So who is it that God has place in your mission field? Who is it that you are called to take under your wing, to sit beside in the pew and let them know that you love them, God’s loves them, and it is important that we’re all in this together.

SLIDE 14 - Mission FieldAs Paul urges Timothy, I will urge you: “rekindle the gift of God that is within you. You have a sprit of power and of love and of self-discipline. Do not be ashamed of the testimony about our Lord or of Paul his prisoner, but join with Paul in suffering for the gospel, relying on the power of God, who saved us and called us with a holy calling, not according to our works but according to his own purpose and grace. This grace was given to us in Christ Jesus before the ages began, but it has now been revealed through the appearing of our Savior Christ Jesus, who abolished death and brought life and immortality to light through the gospel. …Hold to the standard of sound teaching that you have heard from Paul, in the faith and love that are in Christ Jesus. Guard the good treasure entrusted to you, with the help of the Holy Spirit living in us.

May we share this good treasure of the Gospel with all those growing in the faith. Amen.

“So Great a Cloud of Witnesses;” Hebrews 11:29-12:3; August 18, 2013, FPC Jesup

“So Great a Cloud of Witnesses”
Hebrews 11:29-12:3
August 18, 2013, First Presbyterian Church of Jesup

Slide01There is a distinct scent to older churches. Some combination of wax from years of flickering candlelit Christmas Eve services, hymns and Bibles that have been opened and closed by a great many people over a great many years. Slide02Even in Berean Hall, which was built only 18 years ago, there’s a feel of history: the meals that were served there, the community that has grown from that space. When I imagine the cloud of witnesses, this is what comes to mind: that very apparent lived-in feel of a church that has had a great many witnesses.

Slide03There’s a similar sort of feeling that I get from time to time around Jesup. This is a place that has respect for the traditions that have come before it in the past 153 years. People speak with pride of the sesquicentennial celebration just a few years ago. Many have followed in family footsteps to farm the same land or to work at John Deere as your parents had before you. Walking around Young Street you can feel the cloud of witnesses that have decided to live life together in Jesup over a great many years.

Slide04Many religious traditions have their own built in routine of showing respect for their foundations. I am reminded of Chinese culture portrayed in Disney’s Mulan and the relationship that she has with her ancestors, praying for them to intercede on her behalf. The Catholic faith lifts up people from throughout Christian tradition as Saints, praying for them to intercede on their behalf, one Saint encyclopedia website I saw even referred to Saints as “extended family in heaven.”

Slide05Though in Presbyterian tradition we do not pray to saints or ancestors to intercede on our behalf, we do affirm the “communion of saints.” This can be rather confusing. Though we call them “saints,” we are not referring to the Catholic canon of saints, but rather, the collection of everyone who has, is, and will be faithful to Jesus Christ. In this larger communion of saints we affirm a fellowship united through Christ. We see this greater fellowship with all Christians in our passage today, in the phrase, “cloud of witnesses.” Before the familiar, conclusive, mission focused part of this passage that beings with “Therefore, since we are surrounded by so great a cloud of witnesses,” we hear several rather troubling accounts of our faith ancestors over time.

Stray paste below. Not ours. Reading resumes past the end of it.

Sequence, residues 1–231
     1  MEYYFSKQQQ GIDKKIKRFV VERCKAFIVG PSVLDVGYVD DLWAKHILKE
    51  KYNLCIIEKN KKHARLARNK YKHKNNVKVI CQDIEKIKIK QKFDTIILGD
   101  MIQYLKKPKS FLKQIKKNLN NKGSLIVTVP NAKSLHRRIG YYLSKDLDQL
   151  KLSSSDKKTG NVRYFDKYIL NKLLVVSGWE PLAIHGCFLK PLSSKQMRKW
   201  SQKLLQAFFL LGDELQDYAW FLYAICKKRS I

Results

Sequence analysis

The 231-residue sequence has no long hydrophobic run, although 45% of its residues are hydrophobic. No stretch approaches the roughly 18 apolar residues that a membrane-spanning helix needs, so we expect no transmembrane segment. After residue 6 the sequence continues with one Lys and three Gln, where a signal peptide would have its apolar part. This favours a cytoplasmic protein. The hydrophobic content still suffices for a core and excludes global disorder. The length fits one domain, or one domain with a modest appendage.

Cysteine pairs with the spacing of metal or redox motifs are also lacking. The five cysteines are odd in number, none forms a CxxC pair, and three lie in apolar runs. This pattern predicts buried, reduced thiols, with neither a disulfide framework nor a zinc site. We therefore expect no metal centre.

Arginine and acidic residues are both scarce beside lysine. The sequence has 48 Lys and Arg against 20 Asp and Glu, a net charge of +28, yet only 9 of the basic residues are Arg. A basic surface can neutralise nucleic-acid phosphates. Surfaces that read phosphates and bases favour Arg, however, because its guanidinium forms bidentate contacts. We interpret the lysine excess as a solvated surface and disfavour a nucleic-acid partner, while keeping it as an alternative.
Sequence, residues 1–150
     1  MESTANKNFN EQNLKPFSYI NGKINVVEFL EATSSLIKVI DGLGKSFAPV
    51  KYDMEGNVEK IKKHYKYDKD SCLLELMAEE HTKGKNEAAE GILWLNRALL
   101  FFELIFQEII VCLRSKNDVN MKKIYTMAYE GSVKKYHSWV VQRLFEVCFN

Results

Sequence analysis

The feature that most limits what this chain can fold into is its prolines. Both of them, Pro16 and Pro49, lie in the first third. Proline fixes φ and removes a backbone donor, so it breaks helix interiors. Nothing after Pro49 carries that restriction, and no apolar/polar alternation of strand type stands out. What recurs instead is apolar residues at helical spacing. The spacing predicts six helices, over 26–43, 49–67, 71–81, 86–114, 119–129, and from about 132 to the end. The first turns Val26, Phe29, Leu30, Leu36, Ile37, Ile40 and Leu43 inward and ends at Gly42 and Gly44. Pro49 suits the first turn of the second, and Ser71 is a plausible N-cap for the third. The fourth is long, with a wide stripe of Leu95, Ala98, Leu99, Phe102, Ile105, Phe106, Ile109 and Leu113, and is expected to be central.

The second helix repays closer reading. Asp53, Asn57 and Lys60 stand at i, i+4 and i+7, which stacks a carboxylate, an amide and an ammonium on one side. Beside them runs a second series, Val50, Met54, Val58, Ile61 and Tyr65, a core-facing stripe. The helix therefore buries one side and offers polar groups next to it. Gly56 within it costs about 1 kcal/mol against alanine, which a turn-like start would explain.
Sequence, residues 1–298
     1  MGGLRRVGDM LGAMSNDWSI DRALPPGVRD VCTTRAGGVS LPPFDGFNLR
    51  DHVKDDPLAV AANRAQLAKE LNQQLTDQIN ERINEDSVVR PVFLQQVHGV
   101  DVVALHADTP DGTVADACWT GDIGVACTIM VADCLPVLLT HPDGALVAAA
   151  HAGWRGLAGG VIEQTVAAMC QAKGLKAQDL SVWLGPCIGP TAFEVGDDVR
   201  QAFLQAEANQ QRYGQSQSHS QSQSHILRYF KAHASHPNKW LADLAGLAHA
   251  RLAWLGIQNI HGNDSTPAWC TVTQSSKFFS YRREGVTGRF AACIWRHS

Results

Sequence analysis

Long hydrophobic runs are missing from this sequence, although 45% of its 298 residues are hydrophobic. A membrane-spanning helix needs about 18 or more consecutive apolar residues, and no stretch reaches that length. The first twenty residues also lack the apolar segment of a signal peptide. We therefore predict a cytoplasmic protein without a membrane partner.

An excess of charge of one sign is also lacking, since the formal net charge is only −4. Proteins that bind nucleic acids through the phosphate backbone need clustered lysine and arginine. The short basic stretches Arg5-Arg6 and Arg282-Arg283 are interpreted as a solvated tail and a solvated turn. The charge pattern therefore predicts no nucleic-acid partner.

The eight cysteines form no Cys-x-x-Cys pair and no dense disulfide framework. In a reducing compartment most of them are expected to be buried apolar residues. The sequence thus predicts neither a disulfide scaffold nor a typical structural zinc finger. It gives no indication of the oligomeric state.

Slide06It a quite gory twelve verses we hear of all the opposition these “witnesses” have encountered, including: war, drowning, lions, torture, and desert wanderings. We are told, “though they were commended for their faith, did not receive what was promised, since God had provided something better so that they would not, apart from us, be made perfect.”

Sort of strange thing to think of, “they would not, apart from us, be made perfect.” The author of Heberws acknowledges the interconnectivity of the experiences of both the historic martyrs and those currently living out the faith. Not only is their witness important to our lives, and our understanding of how to run this race of faith, our experience is important to those who have come before us. Our experience gives purpose to the work and suffering of those who have come before us.

In our passage today we read: “we are surrounded by so great a cloud of witnesses.” This word that is most often translated as surrounded, perikaimennon in the Greek, also carries the meaning “bound.” This affirms that we are bound to those who share our faith in history, in the present, and in the future.

There’s this book I’ve read called, “Spiritual Care for Persons with Dementia.” I started reading this book primarily to be able to have a bit more insight in how to show specific care towards people with dementia. Though this book does have concrete practical examples of ideas on how to care for people with dementia, it also has many great theological statements on the temporal nature of health and how the Bible frames the worth of all people.

Slide 7 - ConnectionIn one particular essay in this book, “To See Things as God Sees Them,” Stephen Sapp writes, “In contrast to the radically individualistic attitude espoused by contemporary American society, Christianity strongly affirms that human beings are more than merely autonomous beings who exist as separate atoms in discrete moments of time, able to do exactly as they please whenever they please…. God sees humans not as such radically disconnected individuals but as social-historical beings who are undeniably linked with others, living in community and changing over time in ways over which they do not always have control.”